Think of this like driving an aerodynamic car on your trip. You get no added benefit from paying more than you have to in taxes, just as you would get no benefit from having an inefficient vehicle on your trip.

5. A death plan

This is a depressing way to wrap things up, but I think this terminology more appropriately illustrates the need to have a plan in place for when you pass. Think of this like your car insurance.

As you age, accumulate assets and pay down debts. Your need for life insurance and disability insurance will diminish. Often, this part of your plan should entail figuring out if you’re overinsured and if you’re “right-sizing” your policies for your current stage of life.

Your estate documents also deserve attention. As a general rule, your estate plan should be reviewed every five years, or whenever your situation changes. Proper plans can illustrate how your assets would pass based on what your documents and accounts say.

The how

In my early years, I would print out the 100-page financial plans that would go from the back seat of the car to the junk drawer and then, finally, the trash. I think of these printed, now completely outdated plans, as MapQuest directions. They are good for that one moment in time when you press print. You would be insane to use them instead of a GPS. Good financial planning software, like a good GPS, can easily adapt to current conditions and new destinations. Here are the two options to obtain your plan:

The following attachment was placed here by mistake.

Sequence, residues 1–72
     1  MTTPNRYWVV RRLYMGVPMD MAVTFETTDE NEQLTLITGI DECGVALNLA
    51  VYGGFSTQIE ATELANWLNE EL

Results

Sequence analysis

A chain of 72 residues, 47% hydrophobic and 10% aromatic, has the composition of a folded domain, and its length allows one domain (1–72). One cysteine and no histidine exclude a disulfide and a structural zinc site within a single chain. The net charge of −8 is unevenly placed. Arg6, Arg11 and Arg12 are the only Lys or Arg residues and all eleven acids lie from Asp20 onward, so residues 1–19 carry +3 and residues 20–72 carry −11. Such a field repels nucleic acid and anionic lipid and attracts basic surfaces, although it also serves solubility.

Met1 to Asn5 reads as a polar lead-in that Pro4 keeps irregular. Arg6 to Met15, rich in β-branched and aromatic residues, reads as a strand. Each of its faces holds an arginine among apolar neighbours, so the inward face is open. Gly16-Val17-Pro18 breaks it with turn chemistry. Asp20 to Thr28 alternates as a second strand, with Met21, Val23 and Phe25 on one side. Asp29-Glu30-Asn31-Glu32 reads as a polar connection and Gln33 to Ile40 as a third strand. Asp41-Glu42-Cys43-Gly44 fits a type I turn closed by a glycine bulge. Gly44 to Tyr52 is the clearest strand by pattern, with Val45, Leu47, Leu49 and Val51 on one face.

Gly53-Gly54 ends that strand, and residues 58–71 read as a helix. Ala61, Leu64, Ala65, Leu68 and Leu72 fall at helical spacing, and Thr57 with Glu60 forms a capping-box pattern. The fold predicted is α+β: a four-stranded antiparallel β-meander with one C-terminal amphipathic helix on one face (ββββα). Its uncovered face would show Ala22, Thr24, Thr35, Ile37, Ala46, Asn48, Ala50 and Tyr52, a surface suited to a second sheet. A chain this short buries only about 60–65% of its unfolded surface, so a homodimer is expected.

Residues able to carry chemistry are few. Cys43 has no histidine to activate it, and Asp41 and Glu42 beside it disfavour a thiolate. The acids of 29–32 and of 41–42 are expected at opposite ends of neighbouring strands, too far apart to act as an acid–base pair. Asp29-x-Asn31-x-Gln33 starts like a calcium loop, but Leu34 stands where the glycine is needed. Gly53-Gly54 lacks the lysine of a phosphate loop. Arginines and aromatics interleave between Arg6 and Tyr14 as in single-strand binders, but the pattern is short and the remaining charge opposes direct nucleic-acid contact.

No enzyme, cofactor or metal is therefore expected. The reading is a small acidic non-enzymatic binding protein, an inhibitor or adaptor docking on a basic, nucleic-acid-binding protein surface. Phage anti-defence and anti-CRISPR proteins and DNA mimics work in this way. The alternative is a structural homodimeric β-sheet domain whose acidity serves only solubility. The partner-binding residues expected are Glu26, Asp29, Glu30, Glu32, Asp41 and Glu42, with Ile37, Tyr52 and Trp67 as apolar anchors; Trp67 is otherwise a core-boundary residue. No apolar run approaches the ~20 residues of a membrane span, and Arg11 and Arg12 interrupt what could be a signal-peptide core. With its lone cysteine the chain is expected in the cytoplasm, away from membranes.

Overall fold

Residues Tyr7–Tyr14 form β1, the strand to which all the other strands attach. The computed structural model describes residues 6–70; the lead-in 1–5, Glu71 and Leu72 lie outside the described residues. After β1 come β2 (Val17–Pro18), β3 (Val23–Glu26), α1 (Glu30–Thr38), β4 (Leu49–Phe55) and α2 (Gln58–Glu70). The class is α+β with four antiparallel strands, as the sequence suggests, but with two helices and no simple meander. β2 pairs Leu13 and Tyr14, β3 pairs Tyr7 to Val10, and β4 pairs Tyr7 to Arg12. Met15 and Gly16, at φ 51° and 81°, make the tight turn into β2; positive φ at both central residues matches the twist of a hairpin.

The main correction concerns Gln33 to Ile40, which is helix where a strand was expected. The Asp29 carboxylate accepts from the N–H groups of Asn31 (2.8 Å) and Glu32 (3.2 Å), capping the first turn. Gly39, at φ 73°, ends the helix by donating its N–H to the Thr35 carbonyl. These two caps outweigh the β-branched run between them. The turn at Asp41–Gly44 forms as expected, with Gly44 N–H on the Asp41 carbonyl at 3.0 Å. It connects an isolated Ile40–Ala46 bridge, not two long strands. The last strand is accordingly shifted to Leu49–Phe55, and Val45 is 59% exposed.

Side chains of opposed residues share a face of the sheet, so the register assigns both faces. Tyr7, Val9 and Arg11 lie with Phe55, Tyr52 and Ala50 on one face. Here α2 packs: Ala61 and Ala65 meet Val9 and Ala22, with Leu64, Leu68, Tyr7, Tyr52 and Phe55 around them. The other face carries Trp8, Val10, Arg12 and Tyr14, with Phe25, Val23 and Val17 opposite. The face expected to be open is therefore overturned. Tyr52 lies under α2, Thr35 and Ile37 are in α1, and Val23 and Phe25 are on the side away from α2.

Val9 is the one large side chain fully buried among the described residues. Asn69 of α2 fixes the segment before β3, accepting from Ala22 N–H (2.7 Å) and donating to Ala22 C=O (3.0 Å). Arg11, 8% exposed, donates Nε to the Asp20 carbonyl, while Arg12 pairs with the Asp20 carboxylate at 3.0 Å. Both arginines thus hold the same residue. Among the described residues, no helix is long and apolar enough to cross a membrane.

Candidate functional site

Pay someone. The Financial Planning Association (FPA), CFP Board and XY Planning Network all have good tools to find CERTIFIED FINANCIAL PLANNER® professionals who are educated to build plans like the one above. Beware of other listing services, as many are just pay-to-play endorsements.

Build your own. There is no shortage of free software at this point, but it still isn’t usually the same caliber as what an adviser will use. Both Fidelity and Empower (formerly Personal Capital) have good tools to answer the basic questions of “Do I have enough?” and “Will it last?”

In the adviser world, the three most common software programs are eMoney, Money Guide Pro and RightCapital. Here is a free link to a more limited version of RightCapital that you can use to try building your own plan.

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This article was written by and presents the views of our contributing adviser, not the Kiplinger editorial staff. You can check adviser records with the SEC or with FINRA.

Evan T. Beach, CFP®, AWMA®
President, Exit 59 Advisory

After graduating from the University of Delaware and Georgetown University, I pursued a career in financial planning. At age 26, I earned my CERTIFIED FINANCIAL PLANNER™ certification.  I also hold the IRS Enrolled Agent license, which allows for a unique approach to planning that can be beneficial to retirees and those selling their businesses, who are eager to minimize lifetime taxes and maximize income.